A simple, precise, rapid, selective, and cost-effective high-performance thin-layer chromatographic (HPTLC) method has been established for simultaneous estimation of curcumin, piperine, and thymol in an ayurvedic formulation. Chromatography was performed on silica gel 60 F
plates with toluene-ethyl acetate-methanol, 9 + 1 + 0.5 (
), as mobile phase. Plates were developed to a distance of 8 cm at room temperature, without chamber saturation. The plates were scanned and the compounds were quantified at their wavelengths of maximum absorption, 420, 333, and 277 nm for curcumin, piperine, and thymol, respectively. The respective
values of curcumin, piperine, and thymol were 0.23, 0.30, and 0.64. Response was a linear function of the amount applied to the plate in the ranges 50–250 ng, 10–60 ng, and 100–700 ng for curcumin, piperine, and thymol, respectively. LOD for curcumin, piperine, and thymol were 25, 5, and 50 ng, respectively. The mean results from assay of curcumin, piperine, and thymol in the ayurvedic formulation were found to be 0.85, 12.93, and 3.29 mg g
, respectively. The respective covariance for curcumin, piperine, and thymol was 0.78, 0.51, and 0.69%, respectively. Recovery was 100.41, 99.52, and 101.21% for curcumin, piperine and thymol, respectively. Rapid identification of curcumin, piperine, and thymol is also possible by spraying the plate with anisaldehyde in sulfuric acid reagent.
The separation and quantitative analysis of thymol in Satureja hortensis L. extracts is reported. The extracts were obtained by three different techniques: maceration, sonication, and microwave-assisted extraction. HPTLC separation was performed in a normal chromatographic chamber on silica gel 60 plates with toluene-ethyl acetate 93:7 (v/v) as mobile phase. Photodensitometric evaluation of the plates was performed by UV-visible absorbance at 513 nm, after spraying with anisaldehyde reagent. The quantity of thymol extracted depends on the composition of the extraction solvent and on the extraction technique. The best results were obtained by maceration with ethanol. The results obtained were compared and correlated with the method of extraction and confirm that this plant contains an important amount of thymol.
Authors:Erika-Beáta Kerekes, Anita Vidács, Julianna Jenei Török, Csilla Gömöri, Tamás Petkovits, Muthusamy Chandrasekaran, Shine Kadaikunnan, Naiyf S. Alharbi, Csaba Vágvölgyi, and Judit Krisch
The anti-listerial effect of marjoram, thyme essential oils (EOs) and thymol on Listeria monocytogenes inoculated chicken breast fillets was investigated. Before inoculation the fillets were pretreated by washing or not under running tap water. Inoculated samples were kept at 6 °C for 24 h to allow the growth of L. monocytogenes. After this, the fillets were put in marinating solutions containing salt (5%) and EOs or thymol in MIC/2 concentration established in vitro. Total germ count (TGC) and L. monocytogenes count was monitored on the meat surface and in the marinating solutions following 24 and 48 h storage at 6 °C. Thyme and thymol reduced significantly Listeria cell count (1–3 log CFU) in both samples. They also gave good flavour to the fried meat. The doses of EOs used were optimal for antimicrobial efficiency and had a pleasant flavour effect. Washing was not efficient in reducing total germ count.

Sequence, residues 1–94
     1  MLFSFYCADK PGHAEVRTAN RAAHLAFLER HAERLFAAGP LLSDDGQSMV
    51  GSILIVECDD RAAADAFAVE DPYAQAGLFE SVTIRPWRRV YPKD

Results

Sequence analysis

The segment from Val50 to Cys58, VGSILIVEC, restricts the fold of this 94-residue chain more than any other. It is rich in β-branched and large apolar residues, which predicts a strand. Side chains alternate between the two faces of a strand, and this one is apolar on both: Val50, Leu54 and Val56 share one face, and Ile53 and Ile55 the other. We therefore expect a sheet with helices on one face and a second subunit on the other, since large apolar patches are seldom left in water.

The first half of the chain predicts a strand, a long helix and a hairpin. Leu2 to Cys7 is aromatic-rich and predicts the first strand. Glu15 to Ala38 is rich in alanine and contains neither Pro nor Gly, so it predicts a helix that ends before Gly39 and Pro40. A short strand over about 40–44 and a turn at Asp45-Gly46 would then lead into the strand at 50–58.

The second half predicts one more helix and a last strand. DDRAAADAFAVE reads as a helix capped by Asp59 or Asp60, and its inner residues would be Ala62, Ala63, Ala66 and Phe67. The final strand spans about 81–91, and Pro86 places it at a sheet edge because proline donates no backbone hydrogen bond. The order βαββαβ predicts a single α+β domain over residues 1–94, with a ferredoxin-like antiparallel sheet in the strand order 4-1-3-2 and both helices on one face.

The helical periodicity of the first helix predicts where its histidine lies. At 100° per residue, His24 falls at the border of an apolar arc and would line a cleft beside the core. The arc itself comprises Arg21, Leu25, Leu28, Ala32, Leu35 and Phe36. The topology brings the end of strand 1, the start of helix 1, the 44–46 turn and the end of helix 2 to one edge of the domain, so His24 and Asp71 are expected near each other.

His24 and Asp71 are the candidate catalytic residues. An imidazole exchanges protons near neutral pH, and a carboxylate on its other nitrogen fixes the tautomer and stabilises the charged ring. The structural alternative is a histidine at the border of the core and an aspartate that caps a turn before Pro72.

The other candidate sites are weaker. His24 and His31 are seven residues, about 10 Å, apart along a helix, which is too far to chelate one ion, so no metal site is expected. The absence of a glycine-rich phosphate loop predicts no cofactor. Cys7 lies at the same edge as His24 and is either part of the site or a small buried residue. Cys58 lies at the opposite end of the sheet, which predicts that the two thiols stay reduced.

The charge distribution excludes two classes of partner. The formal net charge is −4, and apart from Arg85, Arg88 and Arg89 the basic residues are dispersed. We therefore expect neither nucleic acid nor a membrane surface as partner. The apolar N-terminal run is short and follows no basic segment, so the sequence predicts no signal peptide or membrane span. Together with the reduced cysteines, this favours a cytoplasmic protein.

Authors:Khabat Noori Hussein, Tímea Molnár, Richard Pinter, Adrienn Toth, Emna Ayari, Laszlo Friedrich, Istvan Dalmadi, and Gabriella Kiskó
monoterpenes can be classified based on their diverse functional groups: terpinene, pinene; alcohols, e.g. geraniol; aldehydes, e.g. citral; ketones, e.g. camphor or phenols, e.g. thymol and carvacrol ( Bakkali et al., 2008 ) ( Fig. 1 ). Some of these active
Authors:Ágnes M. Móricz, Dániel Krüzselyi, and Péter G. Ott
Overpressured layer chromatography (OPLC), ensuring pumpforced constant mobile phase flow and the possibility of overrun, offers the expanded exploitation of fine-particle adsorbent layers for a longer development distance. Using an infusion—transfusion OPLC method with a 26-cm long development, the separation of clove, rosemary, eucalyptus, tea tree, spearmint, thyme, and cinnamon bark essential oil components was achieved with good resolutions. In the combination of OPLC and Aliivibrio fischeri assay, the main essential oil components eugenol, borneol, (−)-R-carvone, thymol, and trans-cinnamaldehyde exhibited antibacterial effect. The OPLC—2,2-diphenyl-1-picrylhydrazyl (DPPH*) test showed two antioxidant components: eugenol and thymol.
Authors:Ágnes Móricz, Györgyi Horváth, Péter Molnár, Béla Kocsis, Andrea Böszörményi, Éva Lemberkovics, and Péter Ott
The composition of the essential oil of Thymus vulgaris L. has been determined by GC-FID and GC-MS. Because separation of thymol, carvacrol, and linalool, components of the essential oil, was more efficient by overpressured layer chromatography (OPLC) than by conventional thin-layer chromatography (TLC), the forced flow technique was used before biological detection. All three test compounds had antibacterial effect against the phytopathogenic bacterium Pseudomonas syringae pv. maculicola, in bioautography, although in essential oil thymol was present in sufficient quantity to produce an inhibiting zone in the adsorbent layer. In BioArena investigations, when reduced glutathione as a formaldehyde (HCHO) capturer was dissolved in the cell suspension before bioautographic exposure to the essential oil, the characteristic inhibiting activity of thymol and carvacrol against Bacillus subtilis soil bacteria was reduced, whereas the presence of the HCHO precursors NGmonomethyl-l-arginine or Nɛ-monomethyl-l-lysine enhanced their antibacterial effect. These results suggest that HCHO and its reaction products may be involved in the antibacterial activity of thymol and carvacrol.